Speech has previously been thought to be impossible for apes. However, new research at the University of Winconsin-Madison may dispel this, as researchers have identified speech patterns in a gorilla named Koko.
Koko has already gained local fame for her ability to learn sign language in order to communicate with her keepers. In total she’s spent over 40 years living with daily human contact at The Gorilla Foundation in California.
Researchers Marcus Perlman and Nathaniel Clark carefully analysed over 70 hours of footage of her behavior.
The duo said they found examples of “Koko performing nine different voluntary behaviours that required control over her vocalization and breathing.”
They believe these were learned behaviours, rather than being typical of a gorilla’s repertoire.
As Perlman noted:
“She doesn’t produce a pretty, periodic sound when she performs these behaviors, like we do when we speak,” Perlman says. “But she can control her larynx enough to produce a controlled grunting sound.”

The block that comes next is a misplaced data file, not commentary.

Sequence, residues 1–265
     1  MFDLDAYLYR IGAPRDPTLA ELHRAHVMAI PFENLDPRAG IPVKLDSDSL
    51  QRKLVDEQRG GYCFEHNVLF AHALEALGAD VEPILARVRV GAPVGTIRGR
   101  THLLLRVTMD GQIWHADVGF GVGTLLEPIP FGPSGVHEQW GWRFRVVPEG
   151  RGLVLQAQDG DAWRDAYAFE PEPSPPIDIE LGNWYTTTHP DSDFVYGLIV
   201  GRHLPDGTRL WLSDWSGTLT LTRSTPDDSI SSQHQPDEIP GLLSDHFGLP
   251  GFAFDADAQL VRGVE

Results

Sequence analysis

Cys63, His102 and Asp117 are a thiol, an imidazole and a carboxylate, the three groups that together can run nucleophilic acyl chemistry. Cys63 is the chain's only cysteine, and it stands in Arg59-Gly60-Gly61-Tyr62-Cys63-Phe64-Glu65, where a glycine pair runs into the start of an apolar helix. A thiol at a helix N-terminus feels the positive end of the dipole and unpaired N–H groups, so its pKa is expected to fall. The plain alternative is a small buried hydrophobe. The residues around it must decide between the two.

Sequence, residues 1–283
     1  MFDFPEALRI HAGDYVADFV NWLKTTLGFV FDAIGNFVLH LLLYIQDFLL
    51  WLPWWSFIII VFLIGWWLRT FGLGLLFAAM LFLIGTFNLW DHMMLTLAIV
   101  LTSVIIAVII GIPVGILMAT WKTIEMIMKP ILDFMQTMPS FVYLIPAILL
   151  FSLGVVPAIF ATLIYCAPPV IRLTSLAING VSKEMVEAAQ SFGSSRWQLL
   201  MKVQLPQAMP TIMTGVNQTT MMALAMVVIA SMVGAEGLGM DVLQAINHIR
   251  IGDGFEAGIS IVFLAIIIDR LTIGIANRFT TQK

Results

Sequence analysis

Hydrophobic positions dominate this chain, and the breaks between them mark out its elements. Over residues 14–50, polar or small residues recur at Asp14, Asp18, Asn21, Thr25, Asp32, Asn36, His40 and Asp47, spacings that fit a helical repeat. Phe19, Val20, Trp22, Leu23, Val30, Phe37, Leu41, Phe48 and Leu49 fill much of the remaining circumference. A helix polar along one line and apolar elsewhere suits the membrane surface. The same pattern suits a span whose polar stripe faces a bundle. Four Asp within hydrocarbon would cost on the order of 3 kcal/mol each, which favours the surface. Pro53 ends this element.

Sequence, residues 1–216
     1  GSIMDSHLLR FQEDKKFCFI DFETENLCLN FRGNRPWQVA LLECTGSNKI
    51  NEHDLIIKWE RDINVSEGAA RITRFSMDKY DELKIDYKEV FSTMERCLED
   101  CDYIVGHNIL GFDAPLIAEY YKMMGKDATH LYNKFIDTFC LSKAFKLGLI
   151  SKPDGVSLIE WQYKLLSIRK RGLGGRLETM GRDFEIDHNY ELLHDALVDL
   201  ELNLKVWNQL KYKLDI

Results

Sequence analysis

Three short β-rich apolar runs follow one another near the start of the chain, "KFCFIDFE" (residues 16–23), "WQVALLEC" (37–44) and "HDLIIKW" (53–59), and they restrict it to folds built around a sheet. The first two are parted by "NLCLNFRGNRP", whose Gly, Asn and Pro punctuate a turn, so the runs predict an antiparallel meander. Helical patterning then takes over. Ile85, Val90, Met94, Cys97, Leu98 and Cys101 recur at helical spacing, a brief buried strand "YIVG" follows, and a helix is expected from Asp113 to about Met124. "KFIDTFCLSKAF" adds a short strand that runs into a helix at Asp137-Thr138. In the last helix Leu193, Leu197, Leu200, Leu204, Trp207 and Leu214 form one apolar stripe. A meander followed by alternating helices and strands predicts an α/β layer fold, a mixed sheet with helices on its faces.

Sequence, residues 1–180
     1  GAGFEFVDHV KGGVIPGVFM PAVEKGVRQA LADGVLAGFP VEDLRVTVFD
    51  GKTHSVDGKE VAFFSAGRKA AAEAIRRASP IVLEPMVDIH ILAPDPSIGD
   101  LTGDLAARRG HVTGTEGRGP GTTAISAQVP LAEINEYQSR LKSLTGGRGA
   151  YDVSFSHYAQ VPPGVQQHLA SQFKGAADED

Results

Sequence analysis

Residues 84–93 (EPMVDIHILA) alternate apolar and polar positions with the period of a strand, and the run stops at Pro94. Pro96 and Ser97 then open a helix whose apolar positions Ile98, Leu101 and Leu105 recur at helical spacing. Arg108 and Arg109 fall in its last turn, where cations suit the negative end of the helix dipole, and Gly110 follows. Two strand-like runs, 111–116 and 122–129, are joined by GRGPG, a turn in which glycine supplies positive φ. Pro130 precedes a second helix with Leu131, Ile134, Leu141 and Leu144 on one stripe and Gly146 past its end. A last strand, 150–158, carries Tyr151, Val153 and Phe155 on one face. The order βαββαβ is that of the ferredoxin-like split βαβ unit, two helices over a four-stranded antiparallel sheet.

Although this control over her voice is in no way as finely tuned as that of a human, it gives insight into the potential for apes to develop more control in order to interact with their environment.
The researchers also observed Koko blowing a raspberry and chatting into a telephone. She was also able to cough on command, again displaying the control Koko has over her larynx.
Accoriding to Perlman, Orangutans have also previously demonstrated vocal and breathing related behavior – a clear indication the great ape family in its entirety may share the abilities Koko has learned to develop.
It’s an exciting time for gorillas and we look forward to reading more research to see if this is a one-off case, or just the first such study dispelling previous myths that gorillas are unable to communicate in this way.